As part of their ‘Funny Fortnight’, Channel 4 have commissioned a four-part series of I’m Spazticus, which originally piloted in 2005 as part of Comedy Lab. Now, I didn’t see the pilot so had nothing to compare this opening episode to. I did, however, have reservations.
For one, how the hell did the title make it past the censors? Very few comedians nowadays would dare utter the word “spaz”, so derogatory a term is it. I’d just like to clarify that I’m not complaining about the lack of usage of this word – I think it’s offensive, too. Therefore I was dubious about the show itself as this word – as is palpable – appears in the title.
It’s quite difficult to write this review as I feel as if I’m treading on eggshells: can I say this? Can I say that? Is that the politically correct term? I don’t think the creators and stars of I’m Spazticus had these fears, however, as this show is quite in-your-face and they don’t let you forget what their aim is – to change people’s attitudes towards disability and make it less of a taboo subject. Did they succeed? My opinion is no.
I mean, there were some funny sketches in this episode, such as the one in which a blind man received a delivery of a dog which he thought was his beloved Blackie, who had apparently been stuffed after its death, only for him to be told what had actually been brought to him was a stuffed golden Labrador. This man also reappeared later in what was my highlight of I’m Spazticus – a skit in which he walked into a roller-blind shop called ‘We Love Blinds’, claiming that he thought it was a dating agency for blind people. When he walked into the shop, you could see the joke coming a mile off but it still worked really well.
Anyway, that’s enough of what I found good about I’m Spazticus: it’s now onto the bad. I’m afraid I found a lot of the sketches very repetitive and dragged-out: I ‘got it’ within the first ten seconds of a sketch beginning – it didn’t need to be dragged-out for a further two minutes or more. God only knows how this going to fare over four consecutive nights.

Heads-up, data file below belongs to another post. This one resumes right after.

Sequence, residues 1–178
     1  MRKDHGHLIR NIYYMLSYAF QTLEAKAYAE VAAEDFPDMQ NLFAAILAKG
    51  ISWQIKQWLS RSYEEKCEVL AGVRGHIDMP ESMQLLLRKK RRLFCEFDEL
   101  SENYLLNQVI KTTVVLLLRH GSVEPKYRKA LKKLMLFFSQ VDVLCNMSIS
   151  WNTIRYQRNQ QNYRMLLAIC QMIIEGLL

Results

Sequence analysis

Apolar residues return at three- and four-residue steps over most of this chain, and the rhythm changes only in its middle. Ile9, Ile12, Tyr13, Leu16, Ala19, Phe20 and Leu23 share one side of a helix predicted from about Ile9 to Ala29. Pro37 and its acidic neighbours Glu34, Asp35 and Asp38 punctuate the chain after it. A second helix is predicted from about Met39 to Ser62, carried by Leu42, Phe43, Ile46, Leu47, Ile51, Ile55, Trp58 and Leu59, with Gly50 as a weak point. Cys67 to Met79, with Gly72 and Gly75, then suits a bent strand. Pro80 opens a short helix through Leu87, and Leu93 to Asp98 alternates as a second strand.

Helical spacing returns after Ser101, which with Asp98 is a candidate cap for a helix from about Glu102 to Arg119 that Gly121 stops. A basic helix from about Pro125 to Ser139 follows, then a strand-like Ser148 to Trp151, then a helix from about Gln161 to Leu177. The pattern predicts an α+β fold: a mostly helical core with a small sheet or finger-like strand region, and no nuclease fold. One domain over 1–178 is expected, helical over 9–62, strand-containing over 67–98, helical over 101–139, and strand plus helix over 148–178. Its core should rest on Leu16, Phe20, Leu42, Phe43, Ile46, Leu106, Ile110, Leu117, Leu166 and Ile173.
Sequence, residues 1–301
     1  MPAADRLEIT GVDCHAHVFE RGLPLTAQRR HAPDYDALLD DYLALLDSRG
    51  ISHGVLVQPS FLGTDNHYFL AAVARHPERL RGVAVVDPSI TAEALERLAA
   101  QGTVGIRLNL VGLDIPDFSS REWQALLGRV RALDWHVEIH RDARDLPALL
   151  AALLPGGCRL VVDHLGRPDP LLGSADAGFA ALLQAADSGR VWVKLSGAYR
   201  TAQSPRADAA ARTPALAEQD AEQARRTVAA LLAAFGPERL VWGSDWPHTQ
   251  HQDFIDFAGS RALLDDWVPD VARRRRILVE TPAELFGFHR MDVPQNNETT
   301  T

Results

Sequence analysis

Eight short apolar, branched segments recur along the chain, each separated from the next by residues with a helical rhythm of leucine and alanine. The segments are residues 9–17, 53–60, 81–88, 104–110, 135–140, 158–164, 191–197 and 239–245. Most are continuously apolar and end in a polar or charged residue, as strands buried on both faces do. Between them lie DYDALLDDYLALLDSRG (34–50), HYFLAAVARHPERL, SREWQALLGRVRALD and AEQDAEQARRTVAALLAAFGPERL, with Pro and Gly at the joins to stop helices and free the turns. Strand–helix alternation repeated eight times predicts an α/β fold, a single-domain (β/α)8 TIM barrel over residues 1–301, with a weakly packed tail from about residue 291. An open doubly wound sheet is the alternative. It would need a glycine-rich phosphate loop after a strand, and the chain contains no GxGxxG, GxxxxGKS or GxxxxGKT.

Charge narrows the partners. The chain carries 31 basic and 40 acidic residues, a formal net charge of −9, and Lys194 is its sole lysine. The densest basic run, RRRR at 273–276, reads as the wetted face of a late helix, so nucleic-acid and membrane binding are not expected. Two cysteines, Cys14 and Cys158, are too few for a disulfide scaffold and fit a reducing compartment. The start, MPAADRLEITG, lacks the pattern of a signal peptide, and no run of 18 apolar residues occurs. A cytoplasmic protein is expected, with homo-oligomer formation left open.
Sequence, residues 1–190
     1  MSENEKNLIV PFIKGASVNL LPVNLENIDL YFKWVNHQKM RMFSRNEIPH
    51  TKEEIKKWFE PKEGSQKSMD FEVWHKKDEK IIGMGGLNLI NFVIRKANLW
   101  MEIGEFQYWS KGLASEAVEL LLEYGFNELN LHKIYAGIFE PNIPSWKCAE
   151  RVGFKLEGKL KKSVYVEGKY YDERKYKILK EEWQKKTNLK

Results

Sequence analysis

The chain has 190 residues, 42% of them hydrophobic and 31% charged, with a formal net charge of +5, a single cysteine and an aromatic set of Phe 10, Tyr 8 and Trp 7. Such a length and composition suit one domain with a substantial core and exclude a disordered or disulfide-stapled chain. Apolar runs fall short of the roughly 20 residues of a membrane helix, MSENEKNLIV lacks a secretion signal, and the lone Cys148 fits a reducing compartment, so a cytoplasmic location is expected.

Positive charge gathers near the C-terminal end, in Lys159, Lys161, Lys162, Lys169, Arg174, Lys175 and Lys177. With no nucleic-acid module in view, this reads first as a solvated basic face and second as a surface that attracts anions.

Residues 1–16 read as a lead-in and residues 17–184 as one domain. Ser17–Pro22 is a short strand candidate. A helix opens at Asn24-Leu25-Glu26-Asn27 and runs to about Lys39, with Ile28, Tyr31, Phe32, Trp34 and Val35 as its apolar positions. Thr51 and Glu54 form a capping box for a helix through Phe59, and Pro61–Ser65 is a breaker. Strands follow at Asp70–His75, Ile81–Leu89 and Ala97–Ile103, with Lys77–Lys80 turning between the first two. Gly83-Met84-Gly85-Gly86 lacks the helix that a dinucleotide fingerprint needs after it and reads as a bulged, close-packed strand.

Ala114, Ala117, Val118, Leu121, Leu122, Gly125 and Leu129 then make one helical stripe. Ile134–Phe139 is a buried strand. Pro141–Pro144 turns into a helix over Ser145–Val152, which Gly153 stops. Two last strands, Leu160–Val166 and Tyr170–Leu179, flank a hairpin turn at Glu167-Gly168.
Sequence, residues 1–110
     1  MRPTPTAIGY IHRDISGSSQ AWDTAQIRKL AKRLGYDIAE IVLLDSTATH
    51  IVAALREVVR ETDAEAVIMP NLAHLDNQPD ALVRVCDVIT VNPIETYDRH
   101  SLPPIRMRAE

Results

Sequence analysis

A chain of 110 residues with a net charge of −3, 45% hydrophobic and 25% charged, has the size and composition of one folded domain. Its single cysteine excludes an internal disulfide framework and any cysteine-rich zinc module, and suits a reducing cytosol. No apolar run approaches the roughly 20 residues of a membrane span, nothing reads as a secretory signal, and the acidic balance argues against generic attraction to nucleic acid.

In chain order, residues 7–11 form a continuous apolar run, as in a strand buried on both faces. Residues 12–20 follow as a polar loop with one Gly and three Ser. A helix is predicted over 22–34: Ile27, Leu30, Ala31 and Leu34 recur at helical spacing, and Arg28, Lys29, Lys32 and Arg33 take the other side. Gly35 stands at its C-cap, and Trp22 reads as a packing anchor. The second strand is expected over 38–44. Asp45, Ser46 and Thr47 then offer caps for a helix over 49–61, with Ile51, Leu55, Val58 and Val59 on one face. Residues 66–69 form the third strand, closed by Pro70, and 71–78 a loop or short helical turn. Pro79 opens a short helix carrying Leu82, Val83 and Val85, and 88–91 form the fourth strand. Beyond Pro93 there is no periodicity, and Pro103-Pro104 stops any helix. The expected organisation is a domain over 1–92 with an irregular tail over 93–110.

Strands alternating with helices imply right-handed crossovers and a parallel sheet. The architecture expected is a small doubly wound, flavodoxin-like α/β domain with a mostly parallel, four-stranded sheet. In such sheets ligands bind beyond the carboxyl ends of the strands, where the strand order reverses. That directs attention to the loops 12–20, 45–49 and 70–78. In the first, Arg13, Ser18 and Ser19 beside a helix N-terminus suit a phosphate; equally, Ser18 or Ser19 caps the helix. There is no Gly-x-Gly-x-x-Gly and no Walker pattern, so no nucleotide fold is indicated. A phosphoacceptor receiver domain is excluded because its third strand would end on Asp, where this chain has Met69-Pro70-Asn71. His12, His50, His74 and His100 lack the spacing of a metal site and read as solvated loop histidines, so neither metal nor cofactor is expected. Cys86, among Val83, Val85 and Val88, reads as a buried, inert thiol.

And then, there are the sketches themselves. There were two in particular which I took umbrage with: one involving a ‘Street Dance’ in which a dwarf, an amputee and a man with cerebal palsy all busked in the street in front of stunned onlookers and another which saw an able-bodied man partake in an identity parade with three other men who all had cerebal palsy. I have to say that I found both of these very uncomfortable to watch. I don’t want to come across as a prude – I’m seldom prudish – but there was just something about these two sketches in particular which didn’t sit well with me. As a viewer, feeling discomfort can be a good thing: it can sometimes get you involved with the programme, make you laugh and cringe in equal measure. Take The Office for example: Ricky Gervais and Stephen Merchant tackled subjects like ethnicity and disability in that show and I think it’s the only comedy which can actually have you watching through your fingers yet be hilarious at the same time. I’m Spazticus, however, didn’t do that – it just made me feel this discomfort without any of the positive connotations. Clearly these two skits in particular were created in order to challenge the viewer’s conscience, to make them really consider whether they were laughing at or with the performers. Unfortunately, this failed because, if you’re like me, you weren’t even laughing in the first place.
Channel 4 has a certain reputation for pushing boundaries and challenging its viewers but I think there are aspects of I’m Spazticus which take this too far. I’m not denying that the intentions of the programme are good – I can see why they want to change the public’s perceptions towards disability and why they’ve chosen this way to go about it but, if I’m being honest, I don’t think the end product will help their cause a great deal.
Contributed by Matthew McLane Follow Matthew on Twitter